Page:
The Church of England's ruling body is discussing the divisive issue of whether ordaining women as bishops can be justified theologically.
Here an opponent and a supporter give their views.
OPPONENT: SISTER ANNE WILLIAMS, CHURCH ARMY
One of the main difficulties is that the bishop is the sign of unity within the diocese, and to actually have a woman bishop whose orders cannot be recognised by everyone... that causes great confusion.
Sister Anne Williams said she does not recognise women priests
There will be those of us who will not be able to make a loyal declaration to a diocesan who is a woman because we don't recognise her orders.
I do not accept the ordination of women priests was the rightful way for the Church of England to go.
I will work with a woman priest as far as I can, but that cannot be anything sacramental because I do not recognise that she has a priestly function.
I myself am a woman in ministry and I can work with them to a certain extent - and have done - but I cannot recognise that women can have priestly orders.
I look to our Lord when he brought together his 12 disciples at the Last Supper and said: 'Do this in remembrance of me.' He instituted the mass at this time and he did it with his male disciples around him.
It's been said that he couldn't have had women there, but of course he could because he treated women in a very different way to the way they had been treated.
I think that's a very clear sign for me that the priesthood ought to remain a male dominion.
SUPPORTER: ROBERT KEY, MP and ECCLESIASTICAL COMMITTEE MEMBER
We must win the theological argument first and I believe the theological argument is sound.
Robert Key says the theological argument is sound
I think the way that St Paul taught, you read it in the gospels - there is a lot of evidence.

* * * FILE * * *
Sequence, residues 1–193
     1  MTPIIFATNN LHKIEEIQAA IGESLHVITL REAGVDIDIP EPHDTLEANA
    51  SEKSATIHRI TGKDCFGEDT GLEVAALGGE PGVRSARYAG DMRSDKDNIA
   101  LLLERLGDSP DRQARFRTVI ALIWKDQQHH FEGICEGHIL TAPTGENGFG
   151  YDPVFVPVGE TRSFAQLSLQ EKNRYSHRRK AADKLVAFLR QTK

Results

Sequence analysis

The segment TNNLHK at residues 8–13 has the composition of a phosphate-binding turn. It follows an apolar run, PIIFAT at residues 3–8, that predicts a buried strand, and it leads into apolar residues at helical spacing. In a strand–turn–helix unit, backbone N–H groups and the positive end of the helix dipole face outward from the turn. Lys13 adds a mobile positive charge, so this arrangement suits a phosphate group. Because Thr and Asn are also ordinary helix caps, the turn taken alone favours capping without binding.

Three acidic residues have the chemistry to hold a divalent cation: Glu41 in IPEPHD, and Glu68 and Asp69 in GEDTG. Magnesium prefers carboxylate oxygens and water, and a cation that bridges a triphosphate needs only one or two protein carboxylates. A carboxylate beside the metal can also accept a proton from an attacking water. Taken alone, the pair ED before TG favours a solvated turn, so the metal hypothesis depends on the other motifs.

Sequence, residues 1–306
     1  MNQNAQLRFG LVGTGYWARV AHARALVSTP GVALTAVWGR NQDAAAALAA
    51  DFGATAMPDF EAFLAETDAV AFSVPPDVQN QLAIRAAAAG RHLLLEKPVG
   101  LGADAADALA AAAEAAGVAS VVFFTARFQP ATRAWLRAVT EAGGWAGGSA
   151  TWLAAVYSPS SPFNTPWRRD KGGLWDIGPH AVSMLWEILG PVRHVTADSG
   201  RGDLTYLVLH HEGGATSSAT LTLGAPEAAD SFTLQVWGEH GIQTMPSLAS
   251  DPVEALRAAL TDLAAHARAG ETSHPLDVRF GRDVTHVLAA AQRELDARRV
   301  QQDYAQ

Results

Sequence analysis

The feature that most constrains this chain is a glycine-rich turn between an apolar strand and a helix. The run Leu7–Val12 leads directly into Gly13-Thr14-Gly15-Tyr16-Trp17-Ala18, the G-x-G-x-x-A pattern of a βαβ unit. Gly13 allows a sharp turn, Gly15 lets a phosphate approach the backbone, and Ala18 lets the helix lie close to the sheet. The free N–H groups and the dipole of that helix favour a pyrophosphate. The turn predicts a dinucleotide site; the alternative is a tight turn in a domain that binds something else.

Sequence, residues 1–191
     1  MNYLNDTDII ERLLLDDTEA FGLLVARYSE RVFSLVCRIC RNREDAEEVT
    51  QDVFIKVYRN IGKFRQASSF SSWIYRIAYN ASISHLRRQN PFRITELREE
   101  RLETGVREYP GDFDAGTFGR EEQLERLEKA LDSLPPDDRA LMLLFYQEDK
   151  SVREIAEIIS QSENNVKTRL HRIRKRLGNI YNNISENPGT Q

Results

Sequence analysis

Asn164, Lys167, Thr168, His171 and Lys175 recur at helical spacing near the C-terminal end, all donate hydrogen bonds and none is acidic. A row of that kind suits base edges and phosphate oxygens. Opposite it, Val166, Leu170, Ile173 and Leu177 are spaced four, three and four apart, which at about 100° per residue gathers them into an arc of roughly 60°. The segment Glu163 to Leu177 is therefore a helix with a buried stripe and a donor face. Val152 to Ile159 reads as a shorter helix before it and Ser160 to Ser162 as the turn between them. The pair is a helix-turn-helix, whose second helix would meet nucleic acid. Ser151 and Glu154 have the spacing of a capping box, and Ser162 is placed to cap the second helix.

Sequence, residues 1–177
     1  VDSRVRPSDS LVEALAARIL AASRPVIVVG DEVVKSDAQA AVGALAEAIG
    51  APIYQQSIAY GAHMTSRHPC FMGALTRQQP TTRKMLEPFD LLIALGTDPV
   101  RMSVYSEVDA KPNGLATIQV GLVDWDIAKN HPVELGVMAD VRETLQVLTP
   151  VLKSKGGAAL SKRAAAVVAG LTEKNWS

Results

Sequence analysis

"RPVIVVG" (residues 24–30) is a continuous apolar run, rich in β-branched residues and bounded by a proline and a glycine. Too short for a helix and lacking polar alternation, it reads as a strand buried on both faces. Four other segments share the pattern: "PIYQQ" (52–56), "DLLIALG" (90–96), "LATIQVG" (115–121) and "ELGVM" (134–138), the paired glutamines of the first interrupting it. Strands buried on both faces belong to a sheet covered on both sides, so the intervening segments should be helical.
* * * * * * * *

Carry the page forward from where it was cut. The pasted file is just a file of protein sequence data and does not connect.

Imagine the shock for St Paul turning up in Ephesus and finding that all the chief priests were women. This was a huge education for him which is why he started rationalising and saying 'keep the basic truth of Christ message, but move it on'.
And then the Church of England has to decide whether it is in the great and grand tradition of the Church since the Reformation - and it is, in my view, very much so.
We really can't go on when more than 50% of the ordinans in the Church are women but can't be bishops.
Sister Anne is so fortunate because she has a wonderful vocation, she does a fantastic job, but she doesn't wish to be a female priest or bishop.
But there is a lot of angst and pain among women with a real vocation for the priesthood and the episcopate - and we've said no, which I believe is quite illogical now.
It's theologically sound, in the tradition of the Church of England, and it is time to move on.
In today's debate it's not really a question of saying is it right or is it wrong, because in principle we've said yes and we've had women priests for a decade.
It's a question of when should we do it and how should we do it.
The message is that the Church carries its message forward - the fundamental truth in different ways to different places at different times. Maybe not by 2010 but by 2020 I would be very surprised if there weren't [women bishops].